Today if we look at it from a data standpoint, and I'm speaking generally of organizations across the world pretty much in the mindset of collect as much data as we can, lock it down in our silo, and data is the new oil and hoard as much as you can. And it's unfortunate because a lot of data is actually of mutual interest, common interest, and maintaining all of this data redundantly across these silos and not sharing it, not collaborating on it is really hindering a vast amount of untapped potential. Just to give you an example, in healthcare, many of us visit many different healthcare providers over our life, and they each have a record of us. There's not as much sharing as there should be, and it really impacts the quality of patient care. And it really puts a burden on the patient to fill out endless forms and whatnot. And if we were able to have shared data and blockchain could play a role in that, then we would improve patient care. We would reduce healthcare costs because we wouldn't have to maintain all this data redundantly. And errors occur with redundant maintenance of data, and mismatches in data and claims bouncing, and inefficient patient care, and so we can do a lot better. And I think going forward really need to think about data in terms of what data truly needs to be private and truly should be locked down in a silo and then what data is mutually of interest across a consortium of collaborating organizations like a healthcare provider network. And for the latter, we should be considering blockchain as one element of IT infrastructure that can really help facilitate the secure collaboration across a consortium of organizations.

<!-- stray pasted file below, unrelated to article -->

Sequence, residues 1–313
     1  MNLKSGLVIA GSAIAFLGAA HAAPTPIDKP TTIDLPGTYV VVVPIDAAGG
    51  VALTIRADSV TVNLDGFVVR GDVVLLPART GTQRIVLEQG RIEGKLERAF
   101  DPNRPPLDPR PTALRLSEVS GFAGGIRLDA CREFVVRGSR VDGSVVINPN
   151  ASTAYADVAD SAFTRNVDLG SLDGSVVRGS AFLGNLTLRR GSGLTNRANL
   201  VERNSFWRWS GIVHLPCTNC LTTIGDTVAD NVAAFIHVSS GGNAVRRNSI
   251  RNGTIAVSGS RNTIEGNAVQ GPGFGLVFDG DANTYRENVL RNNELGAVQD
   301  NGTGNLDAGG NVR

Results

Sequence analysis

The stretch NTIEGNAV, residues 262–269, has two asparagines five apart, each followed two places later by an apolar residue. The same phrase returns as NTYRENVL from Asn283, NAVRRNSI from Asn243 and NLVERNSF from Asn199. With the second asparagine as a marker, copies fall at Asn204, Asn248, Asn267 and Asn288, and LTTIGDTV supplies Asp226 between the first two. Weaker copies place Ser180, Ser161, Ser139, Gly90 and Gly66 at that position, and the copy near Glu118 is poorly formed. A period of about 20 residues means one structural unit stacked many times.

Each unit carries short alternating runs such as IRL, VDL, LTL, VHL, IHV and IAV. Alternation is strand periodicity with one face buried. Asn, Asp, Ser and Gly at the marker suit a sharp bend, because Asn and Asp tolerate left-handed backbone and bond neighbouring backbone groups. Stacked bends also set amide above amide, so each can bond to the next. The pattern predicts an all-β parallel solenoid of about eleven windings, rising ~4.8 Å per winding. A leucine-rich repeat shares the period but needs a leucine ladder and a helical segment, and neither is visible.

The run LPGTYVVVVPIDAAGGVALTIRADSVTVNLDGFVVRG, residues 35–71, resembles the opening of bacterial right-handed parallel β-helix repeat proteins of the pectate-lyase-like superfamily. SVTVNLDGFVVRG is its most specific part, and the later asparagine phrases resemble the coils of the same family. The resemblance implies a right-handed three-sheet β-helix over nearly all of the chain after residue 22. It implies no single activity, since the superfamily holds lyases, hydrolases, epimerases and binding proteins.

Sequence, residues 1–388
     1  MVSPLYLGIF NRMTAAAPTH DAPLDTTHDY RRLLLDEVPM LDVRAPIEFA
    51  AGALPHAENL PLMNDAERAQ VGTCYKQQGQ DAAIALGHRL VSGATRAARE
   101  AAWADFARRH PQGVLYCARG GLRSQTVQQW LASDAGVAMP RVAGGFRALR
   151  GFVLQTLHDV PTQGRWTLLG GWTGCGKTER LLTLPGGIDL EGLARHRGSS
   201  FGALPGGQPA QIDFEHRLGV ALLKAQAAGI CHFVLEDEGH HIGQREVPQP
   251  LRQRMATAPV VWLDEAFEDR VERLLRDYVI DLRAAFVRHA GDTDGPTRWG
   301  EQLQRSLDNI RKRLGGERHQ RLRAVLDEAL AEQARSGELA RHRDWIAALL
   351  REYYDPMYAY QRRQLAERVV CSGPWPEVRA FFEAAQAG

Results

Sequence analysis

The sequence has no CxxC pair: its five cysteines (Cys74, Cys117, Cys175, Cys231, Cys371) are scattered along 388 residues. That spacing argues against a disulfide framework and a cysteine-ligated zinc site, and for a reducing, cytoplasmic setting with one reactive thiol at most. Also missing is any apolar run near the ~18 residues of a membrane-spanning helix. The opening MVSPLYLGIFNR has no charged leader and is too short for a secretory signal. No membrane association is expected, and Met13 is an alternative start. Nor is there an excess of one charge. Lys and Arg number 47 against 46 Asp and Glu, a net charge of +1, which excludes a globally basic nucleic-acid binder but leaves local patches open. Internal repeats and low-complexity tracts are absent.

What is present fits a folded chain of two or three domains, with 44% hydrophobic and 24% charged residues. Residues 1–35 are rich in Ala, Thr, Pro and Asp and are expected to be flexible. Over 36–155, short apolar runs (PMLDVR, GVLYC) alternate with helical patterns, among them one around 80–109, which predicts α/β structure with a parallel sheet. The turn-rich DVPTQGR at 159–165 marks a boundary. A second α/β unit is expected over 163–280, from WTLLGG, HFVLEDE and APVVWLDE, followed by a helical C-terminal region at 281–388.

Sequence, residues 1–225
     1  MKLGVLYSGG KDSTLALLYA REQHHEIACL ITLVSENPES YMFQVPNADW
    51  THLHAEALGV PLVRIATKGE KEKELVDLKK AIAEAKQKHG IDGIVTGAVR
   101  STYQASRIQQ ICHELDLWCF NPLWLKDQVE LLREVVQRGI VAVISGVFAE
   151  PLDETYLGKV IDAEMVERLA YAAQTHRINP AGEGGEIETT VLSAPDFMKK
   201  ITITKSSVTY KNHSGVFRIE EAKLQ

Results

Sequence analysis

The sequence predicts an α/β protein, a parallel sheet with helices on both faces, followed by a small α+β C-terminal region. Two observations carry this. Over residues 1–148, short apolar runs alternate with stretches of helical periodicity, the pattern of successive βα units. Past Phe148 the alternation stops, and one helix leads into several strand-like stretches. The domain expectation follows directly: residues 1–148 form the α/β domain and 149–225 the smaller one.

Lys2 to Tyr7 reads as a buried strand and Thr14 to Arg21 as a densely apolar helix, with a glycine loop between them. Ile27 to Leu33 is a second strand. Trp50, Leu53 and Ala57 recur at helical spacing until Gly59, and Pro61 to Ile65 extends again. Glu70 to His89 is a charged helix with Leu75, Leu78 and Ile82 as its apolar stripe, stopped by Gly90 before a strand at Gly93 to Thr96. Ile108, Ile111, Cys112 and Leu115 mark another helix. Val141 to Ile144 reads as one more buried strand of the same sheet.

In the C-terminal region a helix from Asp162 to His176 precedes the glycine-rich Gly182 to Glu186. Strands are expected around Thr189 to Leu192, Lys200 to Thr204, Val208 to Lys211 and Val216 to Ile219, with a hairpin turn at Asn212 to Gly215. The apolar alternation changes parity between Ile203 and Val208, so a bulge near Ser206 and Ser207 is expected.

DAVID STARR: That perfectly dovetails into everything we're going to talk about today on this show about blockchain and data privacy, the second part of that, and see how those two work together. But before we do that, I wonder if we could talk about some preliminary topics before we dive into the data privacy issue. Specifically, it would probably be helpful for listeners who may not be aware about what blockchain actually is so maybe you could give us a quick tour of blockchain as a core technology, what is it?